Watering according to a fixed schedule, such as with an automatic watering system, rarely results in efficient water use. Always check soil moisture before watering. If soil particles under the surface at the level of the root zone or slightly lower are moist enough to stick to the thumb, watering is not necessary. It may be necessary to dig a hole to gauge how far moisture has penetrated.
Match watering regime to plant needs
Different species of plants have different water needs and the garden watering system must accommodate these. For example, if onions have too much water their maturity is delayed and their keeping quality is reduced. The water requirements of particular plants vary according to the stage they have reached in their life cycle. For example, tomatoes bearing fruit need a regular water supply to prevent blossom end rot – but when they are young, deep but infrequent watering can encouraged their root system to develop so that they are less stressed in hot dry conditions later in their life cycle. More hints on the different water requirements for our common food plants can be found at www.cogs.asn.au/tips-and-techniques/when-to-water.
Efficient watering systems
Dripper systems provide very efficient watering compared to sprinklers or hand-held hoses. Drippers are particularly useful for clay soils. Typically they deliver 2 to 4 litres per hour, which is sufficiently slow to allow absorption without runoff in most clay soils. They can be installed under mulch to reduce evaporation and they deliver water directly to the soil, avoiding evaporation from wet leaves. Individual dripper lines can be fitted with taps to allow watering to be adjusted to different plant types and different stages of a plant’s life cycle. Drippers also allow for deep less frequent watering cycles to aid in developing a deep root system in young plants.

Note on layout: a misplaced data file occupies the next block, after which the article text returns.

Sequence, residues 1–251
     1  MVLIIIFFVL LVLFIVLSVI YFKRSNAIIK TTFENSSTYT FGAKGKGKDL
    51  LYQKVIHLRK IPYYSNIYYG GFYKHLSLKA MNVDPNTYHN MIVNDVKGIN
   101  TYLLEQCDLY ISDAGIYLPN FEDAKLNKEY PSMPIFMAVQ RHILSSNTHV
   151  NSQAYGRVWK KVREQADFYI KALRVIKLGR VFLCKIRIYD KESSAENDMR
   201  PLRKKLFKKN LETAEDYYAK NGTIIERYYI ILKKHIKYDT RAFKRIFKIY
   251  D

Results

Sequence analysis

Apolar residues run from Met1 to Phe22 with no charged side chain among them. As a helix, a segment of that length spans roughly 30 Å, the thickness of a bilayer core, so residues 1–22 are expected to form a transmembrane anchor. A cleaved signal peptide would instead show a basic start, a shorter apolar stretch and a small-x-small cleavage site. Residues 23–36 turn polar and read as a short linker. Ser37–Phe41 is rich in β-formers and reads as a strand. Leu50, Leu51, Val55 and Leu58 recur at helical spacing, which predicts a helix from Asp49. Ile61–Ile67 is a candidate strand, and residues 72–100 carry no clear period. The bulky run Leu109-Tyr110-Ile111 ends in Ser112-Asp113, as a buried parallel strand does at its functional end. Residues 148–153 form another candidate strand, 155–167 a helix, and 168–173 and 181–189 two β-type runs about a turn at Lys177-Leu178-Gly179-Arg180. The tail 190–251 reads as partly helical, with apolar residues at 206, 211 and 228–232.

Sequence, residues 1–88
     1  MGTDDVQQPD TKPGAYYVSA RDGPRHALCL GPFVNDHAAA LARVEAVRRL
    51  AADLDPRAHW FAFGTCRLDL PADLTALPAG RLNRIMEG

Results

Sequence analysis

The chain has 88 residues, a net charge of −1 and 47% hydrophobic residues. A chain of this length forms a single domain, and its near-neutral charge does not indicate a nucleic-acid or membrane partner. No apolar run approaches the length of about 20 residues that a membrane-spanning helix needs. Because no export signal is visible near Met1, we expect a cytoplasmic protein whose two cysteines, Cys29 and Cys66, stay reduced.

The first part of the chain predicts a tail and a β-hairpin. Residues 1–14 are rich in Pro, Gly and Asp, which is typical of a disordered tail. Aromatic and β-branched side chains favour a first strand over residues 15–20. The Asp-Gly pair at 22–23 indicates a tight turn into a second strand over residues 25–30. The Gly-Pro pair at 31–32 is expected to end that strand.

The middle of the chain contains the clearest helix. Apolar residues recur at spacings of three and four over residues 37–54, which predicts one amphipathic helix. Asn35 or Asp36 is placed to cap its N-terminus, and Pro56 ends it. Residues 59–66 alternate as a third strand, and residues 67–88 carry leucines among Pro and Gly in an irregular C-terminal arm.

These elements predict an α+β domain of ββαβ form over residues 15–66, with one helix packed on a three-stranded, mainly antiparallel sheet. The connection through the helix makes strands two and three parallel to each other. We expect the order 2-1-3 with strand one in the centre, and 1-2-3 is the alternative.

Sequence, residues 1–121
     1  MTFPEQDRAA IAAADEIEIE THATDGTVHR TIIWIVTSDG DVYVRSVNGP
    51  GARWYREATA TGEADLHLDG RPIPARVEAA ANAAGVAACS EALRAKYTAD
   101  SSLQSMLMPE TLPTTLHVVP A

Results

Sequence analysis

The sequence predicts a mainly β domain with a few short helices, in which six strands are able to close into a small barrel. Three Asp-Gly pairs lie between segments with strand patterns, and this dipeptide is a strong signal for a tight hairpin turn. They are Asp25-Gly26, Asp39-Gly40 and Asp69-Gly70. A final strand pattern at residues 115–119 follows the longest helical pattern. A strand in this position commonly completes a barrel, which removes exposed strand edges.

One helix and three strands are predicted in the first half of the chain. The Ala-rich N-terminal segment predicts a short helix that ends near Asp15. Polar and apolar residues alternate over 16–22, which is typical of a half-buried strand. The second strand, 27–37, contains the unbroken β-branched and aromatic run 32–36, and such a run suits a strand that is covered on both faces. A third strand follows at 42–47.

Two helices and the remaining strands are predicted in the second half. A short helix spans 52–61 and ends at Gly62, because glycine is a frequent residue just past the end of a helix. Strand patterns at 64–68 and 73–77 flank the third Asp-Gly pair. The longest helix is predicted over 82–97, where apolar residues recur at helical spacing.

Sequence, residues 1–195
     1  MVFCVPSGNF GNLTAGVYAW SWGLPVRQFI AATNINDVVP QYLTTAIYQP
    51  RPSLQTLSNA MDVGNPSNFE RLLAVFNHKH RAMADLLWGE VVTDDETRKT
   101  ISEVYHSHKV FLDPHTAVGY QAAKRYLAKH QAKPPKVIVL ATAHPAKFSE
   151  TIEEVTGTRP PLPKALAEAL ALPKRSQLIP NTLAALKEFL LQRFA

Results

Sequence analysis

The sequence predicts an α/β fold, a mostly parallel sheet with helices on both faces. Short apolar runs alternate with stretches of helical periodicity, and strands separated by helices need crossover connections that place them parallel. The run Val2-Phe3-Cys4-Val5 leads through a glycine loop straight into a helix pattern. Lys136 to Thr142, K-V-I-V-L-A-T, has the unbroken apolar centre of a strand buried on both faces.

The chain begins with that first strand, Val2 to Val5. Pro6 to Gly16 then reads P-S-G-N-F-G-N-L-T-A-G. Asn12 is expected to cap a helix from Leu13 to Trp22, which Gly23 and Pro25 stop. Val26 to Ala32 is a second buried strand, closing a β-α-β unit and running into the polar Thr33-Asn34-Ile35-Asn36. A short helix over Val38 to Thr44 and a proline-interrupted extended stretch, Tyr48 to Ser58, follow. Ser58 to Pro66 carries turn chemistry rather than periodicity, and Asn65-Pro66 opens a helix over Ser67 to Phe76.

Sprinklers and hand held sprays deliver water at a much greater rate than clay can absorb. They are more suited to sandy soils. It is difficult to direct sprinklers to just wet the soil rather than the plant. Very fine sprays lose much water through evaporation, particularly in dry, windy conditions.
Wicking beds and pipes delivering water directly to the root zones of trees are also very efficient. Wicking beds deliver water to plants from a water reservoir below the soil layer in which plants are growing. Water moves towards the surface of the soil from the reservoir through capillary action, which is the wicking process. The surface soil remains dry and very little water is lost through evaporation. Similarly, pipes sunk in tree root zones and used for direct watering of the tree roots also minimizes the loss of water through evaporation.
For further information on this topic contact
The Canberra Organic Growers Society
The Canberra Organic Growers Society was formed in 1977 with the aim of providing a forum for organic growers to exchange information and encourage the general public to adopt organic growing methods.
To contact the Canberra Organic Growers Society or find out more about courses and workshops visit their website at www.cogs.asn.au